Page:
Leveraging enterprise strengths of over three centuries in terms of deep consumer insights, unwavering focus on quality, innovation, reader led differentiation, product excellence have helped the ISPCK create vibrant brands. This has helped ISPCK gain remarkable market stand. Christian fiction and value education is a new take in the publishing spectrum.
The Super ordinate vision to create enduring value for the entire church and Christian community is manifest in the inclusive and sustainable value publishings that stand alongside and rub shoulders with the most significant names in Christian publishing worldwide.
ISPCK’s new venture of the 10 volume Human Value series produced for national schools is a distinguishing innovation to contribute to the continuous character development for nation building.
ISPCK awards excellence in publishing each year through 3 designated awards: The Henry Devadas Christian Book of the Year, The Rev. A. Lobban for Indigenous Literature and Christian Music Award.
Mission
ISPCK’s mission initiatives are oriented at building assets for the future. In recent times, Christian religious leaders have expressed concerns on the slow down in the pace of Mission ventures putting at risk the future of the church in India. It has become all the more important to repose faith in the Gospel and invest in creating leadership in the long term prospects of the Indian Church. ISPCK has charted an investment plan of at least 25% of its annual income for over the next decade to support the development of mission engagement in the Indian Church. At present over seven projects large and small are in various stages of implementation across the country.

  • Bible and Bicycle has enrolled over 300 evangelists for mission engagement in the regions of Haryana, Punjab, Uttrakhand, Uttar Pradesh, Nagpur and Ahmednagar.
  • Publishing subsidies for liturgy and worship of the Church of North India.
  • Book grants each year to over 2000 theological students in first and final year.
  • Library development programmes of churches and institutions.
  • Pastors gift schemes: Books on issues challenging the church and community are gifted to Clergy and Bishops on an ecumenical basis.
  • Indigenous church support.
  • Thomas Bray Scholarship for a theological student each year, are a part of ISPCK’s mission agenda.

Training
Writer’s Workshop
Capacity enhancement of potential writers is at the heart of Writer’s Workshops, conducted by the ISPCK both nationally and internationally. Hundreds of women, dalits, tribals and indigenous clergy and laity have been trained in writing skills under the “ISPCK’s How to Write Right” writers development programme of over three decades now. Development of content in their context for global impact is the high point of these workshops.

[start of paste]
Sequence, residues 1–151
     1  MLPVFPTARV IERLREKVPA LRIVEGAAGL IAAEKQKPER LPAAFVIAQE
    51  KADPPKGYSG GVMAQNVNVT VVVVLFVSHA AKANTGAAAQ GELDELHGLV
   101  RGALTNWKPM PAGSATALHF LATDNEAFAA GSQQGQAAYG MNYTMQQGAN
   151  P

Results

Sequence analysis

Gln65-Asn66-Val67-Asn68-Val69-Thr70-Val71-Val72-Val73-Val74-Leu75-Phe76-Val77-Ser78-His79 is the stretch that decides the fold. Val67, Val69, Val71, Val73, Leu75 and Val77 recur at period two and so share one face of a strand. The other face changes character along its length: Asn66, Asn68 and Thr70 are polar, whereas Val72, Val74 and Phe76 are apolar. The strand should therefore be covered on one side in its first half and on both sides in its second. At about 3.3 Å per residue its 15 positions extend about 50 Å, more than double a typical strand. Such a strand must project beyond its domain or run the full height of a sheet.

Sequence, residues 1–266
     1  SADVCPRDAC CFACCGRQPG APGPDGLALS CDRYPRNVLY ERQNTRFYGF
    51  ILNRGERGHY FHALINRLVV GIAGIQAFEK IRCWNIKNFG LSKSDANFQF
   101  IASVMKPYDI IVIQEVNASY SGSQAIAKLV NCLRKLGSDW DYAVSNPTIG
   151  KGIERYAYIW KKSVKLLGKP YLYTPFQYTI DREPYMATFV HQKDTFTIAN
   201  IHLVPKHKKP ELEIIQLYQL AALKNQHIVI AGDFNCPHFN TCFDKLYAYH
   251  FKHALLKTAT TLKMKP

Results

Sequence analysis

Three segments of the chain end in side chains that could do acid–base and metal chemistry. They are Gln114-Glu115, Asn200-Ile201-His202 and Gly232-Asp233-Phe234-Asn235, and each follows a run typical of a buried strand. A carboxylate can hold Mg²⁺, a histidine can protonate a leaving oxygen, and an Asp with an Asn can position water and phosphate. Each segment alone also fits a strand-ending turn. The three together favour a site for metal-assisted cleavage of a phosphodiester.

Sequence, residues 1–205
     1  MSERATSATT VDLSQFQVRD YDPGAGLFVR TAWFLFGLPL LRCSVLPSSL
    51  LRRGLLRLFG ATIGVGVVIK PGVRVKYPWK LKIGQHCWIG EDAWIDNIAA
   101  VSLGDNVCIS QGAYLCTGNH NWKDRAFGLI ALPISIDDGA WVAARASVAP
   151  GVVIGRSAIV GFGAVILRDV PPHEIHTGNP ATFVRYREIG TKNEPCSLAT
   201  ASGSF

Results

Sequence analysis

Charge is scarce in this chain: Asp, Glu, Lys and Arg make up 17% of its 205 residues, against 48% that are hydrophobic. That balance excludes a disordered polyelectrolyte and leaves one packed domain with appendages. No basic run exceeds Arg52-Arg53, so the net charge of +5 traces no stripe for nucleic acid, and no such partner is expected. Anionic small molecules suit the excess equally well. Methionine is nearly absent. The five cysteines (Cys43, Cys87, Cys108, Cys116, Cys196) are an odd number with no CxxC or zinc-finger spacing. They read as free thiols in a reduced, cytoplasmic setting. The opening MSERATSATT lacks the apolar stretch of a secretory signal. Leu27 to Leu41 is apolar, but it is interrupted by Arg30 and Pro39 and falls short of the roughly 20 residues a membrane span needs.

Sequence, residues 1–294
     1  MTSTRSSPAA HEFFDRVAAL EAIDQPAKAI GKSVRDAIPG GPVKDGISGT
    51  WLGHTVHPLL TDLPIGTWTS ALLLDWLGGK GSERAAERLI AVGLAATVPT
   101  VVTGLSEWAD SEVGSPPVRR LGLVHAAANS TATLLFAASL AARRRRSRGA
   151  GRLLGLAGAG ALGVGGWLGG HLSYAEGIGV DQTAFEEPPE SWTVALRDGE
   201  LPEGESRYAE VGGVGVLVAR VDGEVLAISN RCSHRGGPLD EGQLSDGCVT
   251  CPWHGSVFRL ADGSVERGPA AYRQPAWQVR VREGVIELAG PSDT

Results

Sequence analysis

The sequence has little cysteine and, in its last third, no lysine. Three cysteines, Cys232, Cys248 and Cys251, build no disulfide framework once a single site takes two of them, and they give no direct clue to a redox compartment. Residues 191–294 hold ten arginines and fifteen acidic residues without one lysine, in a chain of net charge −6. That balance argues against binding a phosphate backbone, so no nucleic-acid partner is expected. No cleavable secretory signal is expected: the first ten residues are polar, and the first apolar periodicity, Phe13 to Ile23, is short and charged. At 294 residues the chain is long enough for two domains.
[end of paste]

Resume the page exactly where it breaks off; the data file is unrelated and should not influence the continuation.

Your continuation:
Publishing Institute
Human potential development of personnel in Christian publishing in the majority world has encouraged the ISPCK to engage in Theme Oriented Publishing training from 1990. Professionals drawn from world class publishing organizations train personnel from the Christian publishing network, honing their skills for optimum performance. Themes vary from publishing, editorial, diffusion, finance, production, quality control to green publishing. Engaging participants from Madagascar, Myanmar, Bangladesh, Pakistan, Sri Lanka, Phillippines, United Kingdom and Nepal. Scholarships are provided to women and subaltern.
Christian Teachers Training
Free School teachers are provided regular training in skills development to enrich their teaching methodology.
Diffusion
ISPCK’s abiding vision to serve the national church priorities has led to the creation of unique and innovative distribution models. This simultaneously delivers the twin objectives of stake holders value creation and societal capital formation. This is manifest in ISPCK’s conscious strategy to contribute to the regional outreach in the context of its impact through the value chains. Expanding each year through its outlets of bookstores, booktables, retail outlets, through church and theological institutions participation. Spread of Christian literature and creation of sustainable livelihood is at the heart of this strategy.
The internet friendly community can visit the ISPCK website on www.ispck.org.in, or Google us “Print Title-ISPCK” and track us on amazon.com for online ordering or read books on Kindle and download ISPCK songs from Youtube.
In addition, the Society supplies high-quality items for the church i.e., a wide range of candles, vestments, clerical garments, religious gifts and accessories through its bookshops and mail-order service.
Social Intervention
Based on the dictum “Investing in a child is investing in your future”. The ISPCK teaming up with World Literacy Free Schools Programme, Canada took on board the Free Schools Programme for the 4-14 window. Over 5000 children from backgrounds as diverse as bonded labour, rag picking communities, migrant groups, sex workers and street kids have been invested into from 1998 in over six centers managed by the ISPCK Free Schools. These centers of learning provide education and values to children upto primary level preparing them to join secondary education in neighbourhood schools. ISPCK’s child centric development creates a generation of educated and socially aware front liners for a rapidly developing and changing India.